by Angelo Muredda Those who see Olivier Assayas's new film stateside will be met with an ambivalent gesture right from the title card, which juxtaposes the Godardian red and blue of the French title, "APRES MAI" ("After May"), with the mousy English translation, "Something in the Air." The French is the more precise, referring to the dispirited state of radicals following the events of May, 1968, while Thunderclap Newman's yearning anthem about armed insurrection evokes only a roughly simpatico version of late-'60s American idealism falling into '70s cynicism. Vague as the English title reads by comparison, though, it turns out to be the more fitting of the two. Indeed, for all of Assayas's personal attachment to this material, Something in the Air isn't significantly more illuminating about the period than something like Almost Famous, which uses the titular song to roughly the same effect, evincing the same impossible nostalgia for a time when everyone was supposedly moving together on one big bus, so to speak.
A semi-autobiographical portrait of leftist high-school seniors "not far from Paris" circa 1971, Assayas's current film recalls his Cold Water down to the recycled names of that 1994 film's protagonists. Like Assayas as a teen, Gilles 2.0 (Clement Metayer) is a painter and aspiring director, a Marxist in spirit but an aesthete in practice, while girlfriend Christine 2.0 (Lola Créton) is all-in, eventually taking up with a Trotskyite Italian film collective that produces banal documentaries about workers' rights. (Avant-garde filmmaking, one ideologue cautions a skeptical Gilles, is the true expression of bourgeois privilege.) With Gilles and Christine as pivot points, Assayas lets the movie splinter off wherever the rest of the cast of characters fall politically and intellectually. The most attention is reserved for a pair of free-loving idealists done in by an unwanted pregnancy (an odd, borderline moralizing digression), and Gilles's wispy ex, a doped-up bohemian who throws lavish country-house parties--those being one of Assayas's favourite things to shoot, as Summer Hours' beautiful closing moments showed.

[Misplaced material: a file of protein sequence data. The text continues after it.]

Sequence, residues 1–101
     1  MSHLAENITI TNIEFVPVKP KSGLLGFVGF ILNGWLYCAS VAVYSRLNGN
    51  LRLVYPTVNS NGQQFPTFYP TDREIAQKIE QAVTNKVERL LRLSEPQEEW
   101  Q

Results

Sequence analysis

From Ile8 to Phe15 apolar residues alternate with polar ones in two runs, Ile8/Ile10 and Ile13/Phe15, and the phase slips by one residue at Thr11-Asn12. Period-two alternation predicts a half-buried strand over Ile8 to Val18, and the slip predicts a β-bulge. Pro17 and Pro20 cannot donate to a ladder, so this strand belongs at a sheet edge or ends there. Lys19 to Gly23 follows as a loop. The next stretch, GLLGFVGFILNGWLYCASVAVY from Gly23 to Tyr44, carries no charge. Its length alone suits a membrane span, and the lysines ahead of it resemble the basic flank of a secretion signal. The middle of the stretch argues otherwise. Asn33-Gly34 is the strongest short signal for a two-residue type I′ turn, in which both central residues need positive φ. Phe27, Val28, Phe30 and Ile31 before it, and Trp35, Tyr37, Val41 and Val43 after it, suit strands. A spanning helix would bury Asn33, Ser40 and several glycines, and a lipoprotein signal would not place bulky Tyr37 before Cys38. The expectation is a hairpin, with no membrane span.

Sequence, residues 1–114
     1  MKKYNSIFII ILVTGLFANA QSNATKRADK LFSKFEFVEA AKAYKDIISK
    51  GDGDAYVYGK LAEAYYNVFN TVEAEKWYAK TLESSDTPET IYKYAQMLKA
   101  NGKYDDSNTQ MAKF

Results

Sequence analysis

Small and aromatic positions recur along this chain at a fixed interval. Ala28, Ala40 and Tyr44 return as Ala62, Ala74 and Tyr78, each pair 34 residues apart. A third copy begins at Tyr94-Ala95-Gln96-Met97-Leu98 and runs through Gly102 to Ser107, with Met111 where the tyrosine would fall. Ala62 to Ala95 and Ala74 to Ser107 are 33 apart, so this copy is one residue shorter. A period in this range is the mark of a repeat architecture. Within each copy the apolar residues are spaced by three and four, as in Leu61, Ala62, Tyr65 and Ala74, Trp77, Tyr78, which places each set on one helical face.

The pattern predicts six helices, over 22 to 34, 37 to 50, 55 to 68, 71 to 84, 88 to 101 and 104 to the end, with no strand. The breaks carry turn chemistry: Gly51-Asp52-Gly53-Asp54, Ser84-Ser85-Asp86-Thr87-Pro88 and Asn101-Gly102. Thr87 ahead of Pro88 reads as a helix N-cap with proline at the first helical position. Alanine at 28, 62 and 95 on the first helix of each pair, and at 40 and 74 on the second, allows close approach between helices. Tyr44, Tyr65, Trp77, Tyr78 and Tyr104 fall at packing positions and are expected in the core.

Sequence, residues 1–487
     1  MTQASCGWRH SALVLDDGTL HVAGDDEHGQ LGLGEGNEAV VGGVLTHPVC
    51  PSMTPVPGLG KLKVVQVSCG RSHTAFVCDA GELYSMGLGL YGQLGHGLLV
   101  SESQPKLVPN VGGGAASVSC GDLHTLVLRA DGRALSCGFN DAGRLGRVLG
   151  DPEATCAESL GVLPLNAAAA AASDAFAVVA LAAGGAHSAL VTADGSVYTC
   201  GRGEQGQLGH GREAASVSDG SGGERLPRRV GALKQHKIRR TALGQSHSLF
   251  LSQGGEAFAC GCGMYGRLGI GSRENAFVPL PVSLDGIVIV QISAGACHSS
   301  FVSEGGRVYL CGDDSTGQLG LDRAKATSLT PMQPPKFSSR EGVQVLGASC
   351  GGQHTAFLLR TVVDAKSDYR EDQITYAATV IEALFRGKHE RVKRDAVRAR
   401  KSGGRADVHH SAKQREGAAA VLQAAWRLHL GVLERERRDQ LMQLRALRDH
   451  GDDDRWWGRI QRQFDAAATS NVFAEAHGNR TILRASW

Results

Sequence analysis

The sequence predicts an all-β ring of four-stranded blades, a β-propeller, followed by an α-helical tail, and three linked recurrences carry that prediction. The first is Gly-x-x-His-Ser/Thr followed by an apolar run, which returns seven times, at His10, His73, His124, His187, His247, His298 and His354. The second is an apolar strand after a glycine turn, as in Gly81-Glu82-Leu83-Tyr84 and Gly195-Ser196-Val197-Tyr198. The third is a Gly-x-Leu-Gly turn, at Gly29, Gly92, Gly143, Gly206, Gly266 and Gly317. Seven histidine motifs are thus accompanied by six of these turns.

By design, there isn't a clear ideological program in this rearview glance at the past, with the long exchanges between Gilles and whoever is sitting across from him at any moment--about the utilitarian function of art and so on--feeling more like the characters' arrogant undergraduate insights than Assayas's own ideas. (Note the deathly earnest roundtable in the library, where a dissident writer for the student paper--who's probably a banker these days--tells his comrades to "use summer vacation to lie low.") It's refreshing to be allowed to think about what came after May as a shambling, many-headed beast directed by soapboxing youngsters rather than a coherent revolutionary platform designed and steered by adults. Yet beyond a certain point, Assayas's detached reportage of this uneasy collective begins to feel rudderless instead of complex, as youth factions are increasingly defined through visual shorthand: the books they tote around; the style of their paintings; the cut of their jeans. That recreation of the texture of the period is more nuanced than the comparable efforts of Forrest Gump, to be sure, but it's ultimately the same method in the hands of a less sentimental filmmaker. Programme: Masters